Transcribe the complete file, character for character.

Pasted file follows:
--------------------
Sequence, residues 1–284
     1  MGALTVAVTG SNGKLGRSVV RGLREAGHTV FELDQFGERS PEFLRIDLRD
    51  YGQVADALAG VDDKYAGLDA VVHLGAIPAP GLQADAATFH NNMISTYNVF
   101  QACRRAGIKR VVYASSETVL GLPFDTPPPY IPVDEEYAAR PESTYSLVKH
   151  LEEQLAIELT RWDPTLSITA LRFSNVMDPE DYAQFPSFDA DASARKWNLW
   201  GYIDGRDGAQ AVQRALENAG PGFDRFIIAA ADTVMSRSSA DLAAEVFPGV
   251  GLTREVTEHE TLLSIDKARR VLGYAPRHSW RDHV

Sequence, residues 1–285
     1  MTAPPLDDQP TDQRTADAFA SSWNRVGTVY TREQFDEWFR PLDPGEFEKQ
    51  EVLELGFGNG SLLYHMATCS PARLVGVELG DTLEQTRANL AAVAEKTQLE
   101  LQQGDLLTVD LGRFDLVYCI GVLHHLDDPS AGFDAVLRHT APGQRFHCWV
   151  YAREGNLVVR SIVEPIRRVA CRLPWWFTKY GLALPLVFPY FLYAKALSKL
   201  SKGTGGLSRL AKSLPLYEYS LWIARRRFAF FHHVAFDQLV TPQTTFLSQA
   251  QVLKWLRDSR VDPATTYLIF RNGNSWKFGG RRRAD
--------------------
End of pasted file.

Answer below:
Sequence, residues 1–284
     1  MGALTVAVTG SNGKLGRSVV RGLREAGHTV FELDQFGERS PEFLRIDLRD
    51  YGQVADALAG VDDKYAGLDA VVHLGAIPAP GLQADAATFH NNMISTYNVF
   101  QACRRAGIKR VVYASSETVL GLPFDTPPPY IPVDEEYAAR PESTYSLVKH
   151  LEEQLAIELT RWDPTLSITA LRFSNVMDPE DYAQFPSFDA DASARKWNLW
   201  GYIDGRDGAQ AVQRALENAG PGFDRFIIAA ADTVMSRSSA DLAAEVFPGV
   251  GLTREVTEHE TLLSIDKARR VLGYAPRHSW RDHV

Sequence, residues 1–285
     1  MTAPPLDDQP TDQRTADAFA SSWNRVGTVY TREQFDEWFR PLDPGEFEKQ
    51  EVLELGFGNG SLLYHMATCS PARLVGVELG DTLEQTRANL AAVAEKTQLE
   101  LQQGDLLTVD LGRFDLVYCI GVLHHLDDPS AGFDAVLRHT APGQRFHCWV
   151  YAREGNLVVR SIVEPIRRVA CRLPWWFTKY GLALPLVFPY FLYAKALSKL
   201  SKGTGGLSRL AKSLPLYEYS LWIARRRFAF FHHVAFDQLV TPQTTFLSQA
   251  QVLKWLRDSR VDPATTYLIF RNGNSWKFGG RRRAD